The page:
Volcanoes built up of alternating layers of rock particles and lava are called composite volcanoes or stratovolcanoes. During the formation of a composite volcano, a violent eruption first occurs, hurling volcanic bombs, cinder and ash out of the vent. Then a quiet eruption, produces lava flow that covers the rock particles. After alternating eruptions, a coneshaped mountain forms such as Mount Vesuvius.

Crater
There is often a funnel-shaped pit or depression at the top of a volcanic cone. This pit is called a crater. If the crater becomes very large as a result of the collapse of its walls, it is called a caldera. A caldera may also form when the top of a volcano explodes or collapses.

San Cristobal Volcano, Nicaragua

Photo Credit: G. Mattioli

Crater Lake, Oregon

Jemez Caldera, New Mexico

How Calderas Form

Volcanic Activity
Volcanoes are rather unpredictable . Some erupt regularly, others have not erupted in modern history. Scientists classify them as active, dormant or extinct.

Active Volcanoes
An active volcano is one that erupts wither continually or periodically such as Mount Katmai in Alaska and Mount St. Helens in the Cascade Range.

Dormant Volcano
A volcano that has been known to erupt within modern times but is now inactive is classified as a dormant volcano. Mount Rainier in Washington state are example of dormant volcanoes in the United States.

Extinct Volcano
A volcano not known to have erupted within modern history is classified as an extinct volcano. They have been worn away almost to the level of their magma chamber. Scientists can be wrong. Mount St. Helens was considered to be dormant but erupted after long periods of inactivity.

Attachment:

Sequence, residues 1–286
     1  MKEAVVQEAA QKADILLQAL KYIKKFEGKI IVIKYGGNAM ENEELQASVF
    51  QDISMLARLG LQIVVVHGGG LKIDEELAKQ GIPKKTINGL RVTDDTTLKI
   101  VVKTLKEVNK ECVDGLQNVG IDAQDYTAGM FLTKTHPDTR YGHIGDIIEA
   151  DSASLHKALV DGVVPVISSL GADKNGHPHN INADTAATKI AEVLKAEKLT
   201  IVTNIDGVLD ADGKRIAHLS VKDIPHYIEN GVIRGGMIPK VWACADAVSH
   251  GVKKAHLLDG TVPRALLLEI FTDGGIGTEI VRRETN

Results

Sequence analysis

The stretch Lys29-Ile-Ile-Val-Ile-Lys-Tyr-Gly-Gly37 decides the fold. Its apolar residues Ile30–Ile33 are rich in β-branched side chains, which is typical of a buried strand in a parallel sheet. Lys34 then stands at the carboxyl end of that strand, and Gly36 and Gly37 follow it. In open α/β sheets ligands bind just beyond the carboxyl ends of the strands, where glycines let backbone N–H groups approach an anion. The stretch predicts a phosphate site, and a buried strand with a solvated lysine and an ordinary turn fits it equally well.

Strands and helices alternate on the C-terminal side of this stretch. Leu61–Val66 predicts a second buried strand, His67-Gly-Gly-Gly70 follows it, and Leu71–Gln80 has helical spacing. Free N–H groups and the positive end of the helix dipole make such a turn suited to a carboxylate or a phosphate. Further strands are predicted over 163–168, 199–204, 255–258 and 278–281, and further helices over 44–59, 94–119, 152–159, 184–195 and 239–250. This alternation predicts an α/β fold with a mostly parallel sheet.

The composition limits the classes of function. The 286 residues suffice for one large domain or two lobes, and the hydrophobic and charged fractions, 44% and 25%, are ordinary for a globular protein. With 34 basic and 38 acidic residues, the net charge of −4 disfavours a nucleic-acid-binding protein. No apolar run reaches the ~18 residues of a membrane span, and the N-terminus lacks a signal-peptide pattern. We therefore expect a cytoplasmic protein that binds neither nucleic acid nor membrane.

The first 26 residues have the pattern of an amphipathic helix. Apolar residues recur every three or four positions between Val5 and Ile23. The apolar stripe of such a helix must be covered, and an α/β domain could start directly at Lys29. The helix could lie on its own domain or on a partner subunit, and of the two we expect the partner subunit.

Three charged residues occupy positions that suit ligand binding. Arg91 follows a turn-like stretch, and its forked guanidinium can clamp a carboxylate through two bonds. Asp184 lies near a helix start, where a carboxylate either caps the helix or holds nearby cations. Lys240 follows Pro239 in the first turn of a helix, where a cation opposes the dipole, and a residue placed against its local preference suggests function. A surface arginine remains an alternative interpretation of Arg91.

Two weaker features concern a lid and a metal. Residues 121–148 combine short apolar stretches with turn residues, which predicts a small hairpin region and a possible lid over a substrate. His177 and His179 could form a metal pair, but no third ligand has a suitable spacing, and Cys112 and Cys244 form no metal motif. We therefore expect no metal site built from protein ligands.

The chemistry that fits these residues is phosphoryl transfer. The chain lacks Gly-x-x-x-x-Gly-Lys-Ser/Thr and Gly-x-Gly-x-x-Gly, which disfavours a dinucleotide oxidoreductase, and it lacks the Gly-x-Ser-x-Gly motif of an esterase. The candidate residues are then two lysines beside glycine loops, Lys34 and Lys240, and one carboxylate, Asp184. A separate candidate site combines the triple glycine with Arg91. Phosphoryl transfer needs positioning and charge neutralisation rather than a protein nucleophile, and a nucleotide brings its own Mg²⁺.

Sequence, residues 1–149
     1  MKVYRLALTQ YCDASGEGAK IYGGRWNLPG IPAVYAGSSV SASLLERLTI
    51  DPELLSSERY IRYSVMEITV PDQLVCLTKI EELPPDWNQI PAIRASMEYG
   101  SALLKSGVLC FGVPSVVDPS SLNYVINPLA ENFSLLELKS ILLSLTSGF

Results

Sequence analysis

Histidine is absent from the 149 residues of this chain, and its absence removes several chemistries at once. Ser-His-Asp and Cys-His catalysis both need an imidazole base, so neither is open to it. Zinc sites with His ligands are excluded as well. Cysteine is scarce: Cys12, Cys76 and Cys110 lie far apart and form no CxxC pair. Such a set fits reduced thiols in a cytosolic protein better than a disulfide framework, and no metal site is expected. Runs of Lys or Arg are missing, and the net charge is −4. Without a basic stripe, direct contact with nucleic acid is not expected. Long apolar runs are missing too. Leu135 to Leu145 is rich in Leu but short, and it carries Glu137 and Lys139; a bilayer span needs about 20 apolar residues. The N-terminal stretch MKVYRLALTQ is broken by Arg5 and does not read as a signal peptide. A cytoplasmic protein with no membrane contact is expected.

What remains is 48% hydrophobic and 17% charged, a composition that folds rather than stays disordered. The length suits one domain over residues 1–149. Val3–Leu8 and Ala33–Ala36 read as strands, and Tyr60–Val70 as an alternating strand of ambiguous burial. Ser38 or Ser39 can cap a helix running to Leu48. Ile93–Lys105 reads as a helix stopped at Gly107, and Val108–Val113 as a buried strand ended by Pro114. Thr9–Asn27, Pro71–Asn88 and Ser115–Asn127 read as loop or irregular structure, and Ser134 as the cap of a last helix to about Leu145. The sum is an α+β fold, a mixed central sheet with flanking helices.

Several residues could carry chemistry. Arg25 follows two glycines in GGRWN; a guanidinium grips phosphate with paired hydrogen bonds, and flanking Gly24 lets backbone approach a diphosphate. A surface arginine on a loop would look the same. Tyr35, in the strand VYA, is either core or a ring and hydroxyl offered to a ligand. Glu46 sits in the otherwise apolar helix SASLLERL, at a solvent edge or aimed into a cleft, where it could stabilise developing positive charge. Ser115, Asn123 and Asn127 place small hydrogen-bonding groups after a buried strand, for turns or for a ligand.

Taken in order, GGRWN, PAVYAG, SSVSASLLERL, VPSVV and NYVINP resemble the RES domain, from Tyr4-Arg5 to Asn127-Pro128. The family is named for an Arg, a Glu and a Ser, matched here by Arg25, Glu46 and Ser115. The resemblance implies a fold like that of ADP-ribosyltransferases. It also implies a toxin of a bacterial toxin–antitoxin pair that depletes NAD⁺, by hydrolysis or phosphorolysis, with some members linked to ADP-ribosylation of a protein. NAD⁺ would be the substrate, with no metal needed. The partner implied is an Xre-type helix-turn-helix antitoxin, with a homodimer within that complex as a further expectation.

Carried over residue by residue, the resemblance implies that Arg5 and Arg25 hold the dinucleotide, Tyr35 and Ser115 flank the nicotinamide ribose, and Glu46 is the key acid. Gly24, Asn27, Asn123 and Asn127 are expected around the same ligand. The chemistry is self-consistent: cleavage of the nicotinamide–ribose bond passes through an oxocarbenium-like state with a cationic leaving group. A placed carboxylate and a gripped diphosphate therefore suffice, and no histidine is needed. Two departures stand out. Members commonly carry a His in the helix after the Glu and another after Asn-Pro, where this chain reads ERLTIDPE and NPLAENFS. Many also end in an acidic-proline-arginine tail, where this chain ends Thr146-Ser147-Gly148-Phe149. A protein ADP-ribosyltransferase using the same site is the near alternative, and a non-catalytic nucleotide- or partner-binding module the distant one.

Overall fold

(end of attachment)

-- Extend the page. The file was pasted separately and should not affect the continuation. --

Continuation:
Volcano and Earthquake Zones


Most major earthquakes and volcanic eruptions occur in three zones of the world. Scientists believe that there is a great deal of movement and activity in the Earths crust in these three zones.

Ring of Fire
One major earthquake and volcano zone extends nearly all the way around the edge of the Pacific Ocean. This zone goes through New Zealand, the Philippines, Japan, Alaska and along the western coasts of North and South America. The San Andreas fault is part of this zone.

Mediterranean Zone
A second Major earthquake and volcano zone is located near the Mediterranean Zone and extends across Asia into India. Many countries in the zone, including Italy, Greece and Turkey, have violent earthquakes. Many volcanic eruptions also occur in this zone.

Mid-Atlantic Ridge Zone


The third major earthquake and volcano zone extends through Iceland and to the middle of the Atlantic Ocean. There is under the ocean a long range of volcanic mountains called the Mid-Atlantic Ocean Range. Scientists believe that the volcano and earthquake activity are due to the formation of new parts of the Earths crust along the ridge. The volcanic island of Iceland is part of this zone.